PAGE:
The EPA’s pending hand off of oversight responsibilities to the state for maintaining federal Superfund cleanup work in and around Libby will continue funding for the Lincoln County Asbestos Resource Program.
That’s the plan, anyway, according to Virginia Kocieda, director of the Asbestos Resource Program (ARP). There’s one exception.
To date, there isn’t a funding source to continue monitoring community air quality in the event of a fire at the unit of the Libby Superfund site that contains and surrounds the former vermiculite mine.
During a Jan. 22 meeting with Lincoln County Commissioners Mark Peck (D-1) and Josh Letcher (D-3), Kocieda said ARP has struck a cooperative agreement with the Montana Department of Environmental Quality for continued funding out of a pot of EPA money.
She said ARP sent the department a draft of its scope of work and is putting numbers together for an estimated budget.
Established in 2012, ARP has been funded through an EPA grant. The Libby-based program provides education about the risks associated with exposure to asbestos. And it works with homeowners and contractors as they tackle renovation or demolition projects potentially exposing them to vermiculite.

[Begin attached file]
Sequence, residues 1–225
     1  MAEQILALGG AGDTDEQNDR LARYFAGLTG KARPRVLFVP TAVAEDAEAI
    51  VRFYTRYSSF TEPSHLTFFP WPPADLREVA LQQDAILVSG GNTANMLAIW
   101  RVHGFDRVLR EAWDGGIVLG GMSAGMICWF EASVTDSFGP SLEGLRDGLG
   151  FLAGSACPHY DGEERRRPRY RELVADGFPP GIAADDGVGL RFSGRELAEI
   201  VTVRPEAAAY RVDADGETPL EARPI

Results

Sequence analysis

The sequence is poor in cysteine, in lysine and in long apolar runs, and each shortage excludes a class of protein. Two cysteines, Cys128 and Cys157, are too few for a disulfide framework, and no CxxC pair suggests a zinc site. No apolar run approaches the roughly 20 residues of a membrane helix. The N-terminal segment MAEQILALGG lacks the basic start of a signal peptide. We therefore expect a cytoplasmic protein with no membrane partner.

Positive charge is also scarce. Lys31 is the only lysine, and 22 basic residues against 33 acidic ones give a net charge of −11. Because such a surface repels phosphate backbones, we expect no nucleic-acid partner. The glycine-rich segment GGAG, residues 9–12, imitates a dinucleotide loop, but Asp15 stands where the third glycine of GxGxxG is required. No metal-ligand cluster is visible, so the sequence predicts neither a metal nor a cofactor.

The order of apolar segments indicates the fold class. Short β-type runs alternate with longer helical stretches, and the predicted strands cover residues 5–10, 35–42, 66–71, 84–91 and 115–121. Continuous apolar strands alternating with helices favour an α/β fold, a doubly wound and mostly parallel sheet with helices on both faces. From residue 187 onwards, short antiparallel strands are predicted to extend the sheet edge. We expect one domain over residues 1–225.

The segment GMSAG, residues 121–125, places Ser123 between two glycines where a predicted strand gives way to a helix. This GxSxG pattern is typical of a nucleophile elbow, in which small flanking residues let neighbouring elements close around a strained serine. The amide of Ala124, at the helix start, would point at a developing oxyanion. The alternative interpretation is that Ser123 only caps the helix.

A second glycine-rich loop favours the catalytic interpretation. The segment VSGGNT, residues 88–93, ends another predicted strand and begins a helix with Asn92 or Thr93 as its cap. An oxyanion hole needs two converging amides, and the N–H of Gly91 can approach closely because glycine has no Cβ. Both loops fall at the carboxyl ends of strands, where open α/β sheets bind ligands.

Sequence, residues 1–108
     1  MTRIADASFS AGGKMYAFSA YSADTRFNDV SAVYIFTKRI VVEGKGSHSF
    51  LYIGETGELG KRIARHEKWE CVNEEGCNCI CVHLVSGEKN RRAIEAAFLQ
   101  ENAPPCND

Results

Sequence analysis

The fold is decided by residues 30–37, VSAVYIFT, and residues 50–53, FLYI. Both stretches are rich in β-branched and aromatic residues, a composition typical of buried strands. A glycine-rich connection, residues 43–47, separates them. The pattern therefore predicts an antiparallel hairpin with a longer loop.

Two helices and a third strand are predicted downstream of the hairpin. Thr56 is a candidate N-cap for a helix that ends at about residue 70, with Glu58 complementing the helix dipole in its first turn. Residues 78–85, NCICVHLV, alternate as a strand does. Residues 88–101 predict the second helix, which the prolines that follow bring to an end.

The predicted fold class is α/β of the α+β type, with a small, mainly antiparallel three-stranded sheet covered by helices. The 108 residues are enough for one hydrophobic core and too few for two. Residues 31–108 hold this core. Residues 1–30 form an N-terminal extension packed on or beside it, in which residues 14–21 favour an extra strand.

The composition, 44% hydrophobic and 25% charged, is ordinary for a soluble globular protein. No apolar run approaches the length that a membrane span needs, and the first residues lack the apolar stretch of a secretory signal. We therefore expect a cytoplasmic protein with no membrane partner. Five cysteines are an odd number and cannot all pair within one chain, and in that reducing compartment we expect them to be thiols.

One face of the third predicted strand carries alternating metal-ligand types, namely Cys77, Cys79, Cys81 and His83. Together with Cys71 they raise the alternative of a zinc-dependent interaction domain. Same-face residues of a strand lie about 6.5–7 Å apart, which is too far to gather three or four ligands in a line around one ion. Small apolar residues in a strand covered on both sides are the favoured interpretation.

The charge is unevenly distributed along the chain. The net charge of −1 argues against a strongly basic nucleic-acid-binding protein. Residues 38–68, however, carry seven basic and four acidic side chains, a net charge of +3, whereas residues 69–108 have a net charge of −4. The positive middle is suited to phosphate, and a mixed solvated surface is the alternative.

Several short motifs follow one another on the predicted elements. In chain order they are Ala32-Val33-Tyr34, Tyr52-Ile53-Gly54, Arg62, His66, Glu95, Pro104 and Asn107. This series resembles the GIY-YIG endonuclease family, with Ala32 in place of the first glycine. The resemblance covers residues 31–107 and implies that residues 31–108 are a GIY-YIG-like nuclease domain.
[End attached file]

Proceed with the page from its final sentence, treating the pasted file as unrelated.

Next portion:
The EPA announced plans last year to turn over to DEQ in 2020 the “operations and maintenance” of Superfund operable units in Libby and Troy where remediation of deadly asbestos contamination was deemed complete.
Fibers from the asbestos can embed in lung tissue and cause fatal lung disease.
In 1999, EPA officials responded to citizen, local government and media concerns about exposure to asbestos from vermiculite mining that began in the 1920s. The EPA placed the Libby site on the Superfund program’s National Priorities List in October 2002.
Operable Unit 3 is the property in and around the former W.R. Grace vermiculite mine. The site includes the forest surrounding the mine. Libby amphibole asbestos is present in soil, duff, tree bark and ash in the forest around the former mine, according to the EPA.
Kocieda told county commissioners that funding wouldn’t be available from EPA — or DEQ — in their future cooperative agreement for community air quality monitoring in the case of a wildfire in Operable Unit 3.
But she said they are pursuing grant opportunities to continue that work. The EPA has said that when asbestos-containing duff is burned, most of the fire-related exposure is from the resulting ash.
Peck suggested that W.R. Grace might be a source of grant funding.
Meanwhile, ARP remains housed in the Courthouse Annex building on Mineral Avenue. It shares the second floor with the Lincoln County Health Department and Kocieda said a move to a larger space is in the works. Relocation could allow ARP to grow, she said.